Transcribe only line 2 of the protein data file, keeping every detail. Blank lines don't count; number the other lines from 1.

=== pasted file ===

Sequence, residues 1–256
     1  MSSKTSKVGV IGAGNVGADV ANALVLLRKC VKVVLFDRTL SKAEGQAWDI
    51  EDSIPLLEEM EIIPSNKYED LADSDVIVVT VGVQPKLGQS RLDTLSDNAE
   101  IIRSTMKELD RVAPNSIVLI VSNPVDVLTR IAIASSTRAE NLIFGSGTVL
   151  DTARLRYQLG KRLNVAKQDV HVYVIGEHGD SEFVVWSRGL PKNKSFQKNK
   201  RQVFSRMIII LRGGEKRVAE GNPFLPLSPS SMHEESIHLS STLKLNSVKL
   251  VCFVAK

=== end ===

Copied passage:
     1  MSSKTSKVGV IGAGNVGADV ANALVLLRKC VKVVLFDRTL SKAEGQAWDI